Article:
Feed mill owned by Cheyne family

Before 29 Trafalgar was turned into a feed mill, it was a single-room school house.

In 1959-60, classes were consolidated from several schoolhouses to around four. The former schoolhouses were largely sold or torn down, but 29 Trafalgar (formerly S.S.#6) remained.

After a nearby Brampton Milling and Farm Supply feed mill burned in ‘60s, the company purchased the schoolhouse and converted it.

Cheyne’s father, Bob, worked for the company until it left Hillsburgh and Bob and his wife, Arlene, bought the building. It later became Hillsburgh Feed and Supplies.

Wellington County Museum and Archives, ph 59536 : Aerial photograph of Hillsburgh Feed and Supply Ltd., ca. 1985.


Cheyne has memories of playing at the mill as a child. Later on, Cheyne’s brothers, David and Donald took over the business.

“It’s been in the family from about 1963 until September this year,” he said.

An offer to buy the property was made by Tavares, who owns the lot immediately west at 31 Trafalgar Road, and the brothers took the chance with the sale reportedly closing in June.

The business closed at the end of August, and the building was cleared out in September.

Cheyne says his family didn’t tell him of the sale until after its close and emphasized he had “no financial part of it at any point.”

He declared a conflict of interest whenever the heritage committee discussed the building.

“It’s unfortunate the way it’s unfolded,” he said, but he understands the decision to sell, noting Arlene is now in her 80s.

‘It’s a real shame’

The committee was aware ahead of the Nov. 24 council meeting what the outcome was likely to be, Cheyne said, and had a Nov. 21 meeting discussing the property where a representative of Tavares’ was present.

Council would be fighting an “uphill battle” to push for a heritage assessment, Cheyne said, adding Tavares is “adamant it’s coming down” and couldn’t get the building insured.

“Heritage is not his thing,” he said.

Heritage committee co-chair Laurie DaSilva confirmed to the Advertiser the committee was under the impression council wouldn’t back its request.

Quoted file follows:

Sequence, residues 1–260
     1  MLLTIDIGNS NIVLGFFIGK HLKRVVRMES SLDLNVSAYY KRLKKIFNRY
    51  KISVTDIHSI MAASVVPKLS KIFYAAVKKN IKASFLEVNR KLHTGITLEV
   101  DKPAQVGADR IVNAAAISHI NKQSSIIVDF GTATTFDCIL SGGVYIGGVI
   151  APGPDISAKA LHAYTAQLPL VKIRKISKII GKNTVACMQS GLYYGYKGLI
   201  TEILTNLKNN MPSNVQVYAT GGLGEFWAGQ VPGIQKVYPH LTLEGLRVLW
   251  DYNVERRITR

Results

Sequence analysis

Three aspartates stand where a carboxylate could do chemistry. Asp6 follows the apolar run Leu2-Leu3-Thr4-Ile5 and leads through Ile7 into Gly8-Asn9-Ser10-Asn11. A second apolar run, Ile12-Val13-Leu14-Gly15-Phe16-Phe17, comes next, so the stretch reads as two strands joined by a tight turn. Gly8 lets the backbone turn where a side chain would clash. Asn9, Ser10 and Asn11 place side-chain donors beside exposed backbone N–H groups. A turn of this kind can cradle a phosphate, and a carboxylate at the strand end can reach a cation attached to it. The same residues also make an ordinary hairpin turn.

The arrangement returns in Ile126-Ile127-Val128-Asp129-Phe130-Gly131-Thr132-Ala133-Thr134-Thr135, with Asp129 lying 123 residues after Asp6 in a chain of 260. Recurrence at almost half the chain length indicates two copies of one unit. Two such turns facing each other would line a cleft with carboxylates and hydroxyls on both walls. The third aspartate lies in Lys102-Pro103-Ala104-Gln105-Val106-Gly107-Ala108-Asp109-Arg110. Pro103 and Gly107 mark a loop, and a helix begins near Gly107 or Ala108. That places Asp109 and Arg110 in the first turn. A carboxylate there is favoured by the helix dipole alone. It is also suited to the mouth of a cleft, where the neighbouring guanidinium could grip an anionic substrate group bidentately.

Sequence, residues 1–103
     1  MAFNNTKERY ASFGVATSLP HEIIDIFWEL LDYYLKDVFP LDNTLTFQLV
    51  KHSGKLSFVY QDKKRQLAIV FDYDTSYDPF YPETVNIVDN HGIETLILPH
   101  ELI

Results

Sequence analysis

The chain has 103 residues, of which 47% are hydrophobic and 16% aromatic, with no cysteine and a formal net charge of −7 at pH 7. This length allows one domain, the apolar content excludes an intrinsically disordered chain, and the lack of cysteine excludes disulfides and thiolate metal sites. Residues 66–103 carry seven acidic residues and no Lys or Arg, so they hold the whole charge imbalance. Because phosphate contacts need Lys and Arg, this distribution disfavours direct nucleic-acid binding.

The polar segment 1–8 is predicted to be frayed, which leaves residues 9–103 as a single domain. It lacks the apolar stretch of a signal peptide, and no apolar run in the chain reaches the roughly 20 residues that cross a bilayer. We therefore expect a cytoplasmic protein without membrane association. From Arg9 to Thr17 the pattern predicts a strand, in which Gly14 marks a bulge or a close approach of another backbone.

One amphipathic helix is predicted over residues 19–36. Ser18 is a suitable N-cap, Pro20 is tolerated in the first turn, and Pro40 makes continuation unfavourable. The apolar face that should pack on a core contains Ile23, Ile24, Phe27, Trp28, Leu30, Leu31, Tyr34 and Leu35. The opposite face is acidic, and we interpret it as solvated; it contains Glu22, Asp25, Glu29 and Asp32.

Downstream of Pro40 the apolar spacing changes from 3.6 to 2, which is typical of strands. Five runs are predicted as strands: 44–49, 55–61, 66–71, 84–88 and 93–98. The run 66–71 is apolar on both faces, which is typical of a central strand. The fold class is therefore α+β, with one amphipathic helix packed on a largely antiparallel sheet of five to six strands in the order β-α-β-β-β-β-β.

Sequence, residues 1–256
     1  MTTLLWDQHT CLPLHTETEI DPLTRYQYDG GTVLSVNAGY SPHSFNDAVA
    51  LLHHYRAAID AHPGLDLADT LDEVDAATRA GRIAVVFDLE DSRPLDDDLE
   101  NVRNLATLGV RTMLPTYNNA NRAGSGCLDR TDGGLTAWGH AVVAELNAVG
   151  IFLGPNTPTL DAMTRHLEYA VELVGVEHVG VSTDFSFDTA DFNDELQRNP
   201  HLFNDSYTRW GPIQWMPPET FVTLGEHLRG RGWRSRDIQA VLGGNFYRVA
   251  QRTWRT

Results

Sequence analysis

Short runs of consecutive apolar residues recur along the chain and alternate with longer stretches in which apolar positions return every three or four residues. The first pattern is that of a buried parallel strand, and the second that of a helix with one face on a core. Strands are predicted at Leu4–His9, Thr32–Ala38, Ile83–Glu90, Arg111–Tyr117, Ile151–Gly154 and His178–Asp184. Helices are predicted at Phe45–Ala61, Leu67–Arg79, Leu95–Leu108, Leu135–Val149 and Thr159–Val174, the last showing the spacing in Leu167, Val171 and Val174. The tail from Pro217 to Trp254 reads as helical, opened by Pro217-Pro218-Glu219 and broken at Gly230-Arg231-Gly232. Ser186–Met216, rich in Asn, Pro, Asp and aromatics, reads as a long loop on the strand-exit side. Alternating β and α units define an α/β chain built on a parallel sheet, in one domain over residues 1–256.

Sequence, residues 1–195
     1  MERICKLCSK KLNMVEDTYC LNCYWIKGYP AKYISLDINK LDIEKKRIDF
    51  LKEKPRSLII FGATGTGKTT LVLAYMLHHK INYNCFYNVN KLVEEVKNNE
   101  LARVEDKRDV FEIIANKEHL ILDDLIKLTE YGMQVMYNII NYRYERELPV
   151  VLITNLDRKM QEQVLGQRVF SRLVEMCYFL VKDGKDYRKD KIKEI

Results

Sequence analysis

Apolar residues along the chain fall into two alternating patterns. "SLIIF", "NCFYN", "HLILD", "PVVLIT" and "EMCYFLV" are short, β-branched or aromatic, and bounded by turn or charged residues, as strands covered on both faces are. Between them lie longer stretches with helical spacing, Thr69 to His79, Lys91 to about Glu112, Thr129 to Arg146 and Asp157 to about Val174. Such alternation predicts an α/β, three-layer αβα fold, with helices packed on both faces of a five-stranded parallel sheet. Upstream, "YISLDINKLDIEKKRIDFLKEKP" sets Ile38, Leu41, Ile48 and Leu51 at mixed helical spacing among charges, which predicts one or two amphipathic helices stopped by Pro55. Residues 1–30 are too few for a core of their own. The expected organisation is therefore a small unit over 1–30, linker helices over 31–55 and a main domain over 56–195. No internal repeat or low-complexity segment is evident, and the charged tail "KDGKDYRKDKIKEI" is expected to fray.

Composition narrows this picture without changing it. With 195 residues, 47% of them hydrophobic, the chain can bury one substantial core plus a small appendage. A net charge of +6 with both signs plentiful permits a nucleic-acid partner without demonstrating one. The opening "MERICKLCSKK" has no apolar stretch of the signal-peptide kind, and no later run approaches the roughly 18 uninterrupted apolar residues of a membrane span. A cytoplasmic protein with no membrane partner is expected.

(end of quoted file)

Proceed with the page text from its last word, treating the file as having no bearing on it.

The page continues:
The province’s timelines for heritage designations are too short, she said, and the committee has been left feeling powerless.

“It almost seems as if we’re never, ever going to be able to save a building,” she said.

Advertiser file photo


The committee considered using reserve funds to commission a historical assessment but ultimately decided against it given the timing.

Tavares was also against paying for an assessment.

“It’s a real shame,” DaSilva said.

“It saddens me to see anything of that kind of significance being torn down because that’s what these towns are built on.”

She suggested as more historical structures are torn down with development in Erin, the town’s heritage would be lost with them.

Reached by phone on Dec. 1, Tavares said he doesn’t know what’s next for the property but said, “The way things are going, I’ll have some selling power … this is the reason I bought it.”

He confirmed the feed mill – “that piece of garbage” – would be torn down once a demolition permit is issued by the town.

“I didn’t want anything to do with the heritage,” he said.

Dixit told the Advertiser a demolition permit can be applied for 60 days after the notice of intent (Dec. 18). She also confirmed no permit had yet been issued.

Tavares told the newspaper he’s contacting demolition contractors for pricing and is waiting for the permit to be issued.